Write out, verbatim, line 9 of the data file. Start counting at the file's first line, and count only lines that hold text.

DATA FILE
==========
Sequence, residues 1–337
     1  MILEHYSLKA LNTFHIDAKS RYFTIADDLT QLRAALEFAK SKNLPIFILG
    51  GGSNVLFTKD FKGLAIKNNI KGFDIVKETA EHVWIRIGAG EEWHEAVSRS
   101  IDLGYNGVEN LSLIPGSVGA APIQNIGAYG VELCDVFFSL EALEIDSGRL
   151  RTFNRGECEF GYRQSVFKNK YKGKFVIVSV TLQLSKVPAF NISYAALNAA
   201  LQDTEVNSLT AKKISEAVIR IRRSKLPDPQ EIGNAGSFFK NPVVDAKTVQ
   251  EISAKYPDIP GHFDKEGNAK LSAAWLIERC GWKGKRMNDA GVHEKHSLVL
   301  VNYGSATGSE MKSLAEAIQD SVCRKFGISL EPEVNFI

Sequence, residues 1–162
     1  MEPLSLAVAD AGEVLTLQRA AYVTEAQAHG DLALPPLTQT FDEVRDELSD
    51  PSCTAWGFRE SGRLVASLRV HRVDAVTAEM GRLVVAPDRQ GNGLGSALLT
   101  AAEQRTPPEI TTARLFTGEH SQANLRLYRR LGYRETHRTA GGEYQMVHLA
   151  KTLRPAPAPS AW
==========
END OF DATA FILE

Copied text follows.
Sequence, residues 1–162